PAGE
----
RE: Informing Companies about security vulnerabilities...



Even beyond the legal aspects as explained below, there are ethical
questions here.

From a professional perspective, this should not have been done to begin
with. To select a company's real-world site for penetrationg testing is
not ethical.

To put oneself and one's students in this situation is irresponsible at
best. Not only has he placed himself with the difficult decision to
inform the company of what he did and subsequently discovered, but his
students may now believe it is alright to test other sites in the same
manner.

I believe the best course of action is to own up to the action, inform the
company, apologize for the poor judgement and hope that they decide to be
understanding and don't want to pursue any legal action.

Despite the outcome of other similar situations, I can tell you I would
not want to be in the position of having to go to court to prove it was
legal. The cost, time, and stress would not be worth it.


To argue the quote " I have every right to do exactly as I have done "

Actually you are exceeding implied rights. This makes the action a
trespass. I can go into the case law in detail if requested.

The issue is not that this is a crime, this will vary on jurisdiction
and it shall be one in the US if there is a resultant damage over a set
amount. This is still not legal however.

There is a lot of mis-information about what is illegal and what is
criminal. They are not the same thing. Although it may (in some
jurisdictions and with some results) not be criminal, it is illegal.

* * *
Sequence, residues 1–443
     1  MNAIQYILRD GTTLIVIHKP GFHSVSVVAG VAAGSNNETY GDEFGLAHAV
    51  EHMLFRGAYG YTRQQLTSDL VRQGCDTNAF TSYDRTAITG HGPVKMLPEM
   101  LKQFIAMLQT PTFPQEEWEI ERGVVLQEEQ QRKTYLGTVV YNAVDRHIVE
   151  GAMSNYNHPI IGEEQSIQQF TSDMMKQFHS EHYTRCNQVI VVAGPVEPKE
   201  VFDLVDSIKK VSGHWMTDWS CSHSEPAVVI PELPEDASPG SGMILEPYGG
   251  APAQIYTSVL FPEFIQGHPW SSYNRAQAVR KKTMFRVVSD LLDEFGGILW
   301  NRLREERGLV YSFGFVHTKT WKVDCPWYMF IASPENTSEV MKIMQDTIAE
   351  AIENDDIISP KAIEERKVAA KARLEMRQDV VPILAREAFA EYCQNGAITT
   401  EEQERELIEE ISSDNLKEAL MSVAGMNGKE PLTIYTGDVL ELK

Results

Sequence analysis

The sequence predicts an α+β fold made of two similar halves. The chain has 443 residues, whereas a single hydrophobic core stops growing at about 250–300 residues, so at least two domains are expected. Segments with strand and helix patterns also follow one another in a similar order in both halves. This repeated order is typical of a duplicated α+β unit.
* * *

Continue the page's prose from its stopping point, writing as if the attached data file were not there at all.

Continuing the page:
How is it illegal you ask? It is a trespass. Trespass is a Civil action.
That is it is not a criminal offence in itself. The company could take
action for a violation of their rights.

A tort is a civil wrong (for want of about 800 pages of basic
explanations). Committing a tort is illegal and thus accessing the site
in an unauthorised manner is illegal. You have exceeded the implied
license and thus the tort is completed. Suing for $20 for instance for
an illegal access is not likely, but than it is still not legal.

This is a result of the nature of the implied action. You have an
implied license to undertake certain functions on the site. This is the
limit.

As for criminal... there are a number of US and UK cases dealing with
SQL injections and "testing". Even on the getting away with it basis,
take for instance Stephan Puffer. He was acquitted of fraud on appeal -
but this did not make the actions legal. Rather it means that the was a
civil violation and that at best he could be sued by the county court.
On the other hand, he did not win indemnity costs and the case still
left him in debited.

In this case the unauthorised access to a wireless network was
considered unauthorised access - and the access was a demonstration to a
journalist that it was possible.

Sorry to be pernickety but the issue is not "But, whether something is
legal or not" as this is clearly an illegal action. It is if it is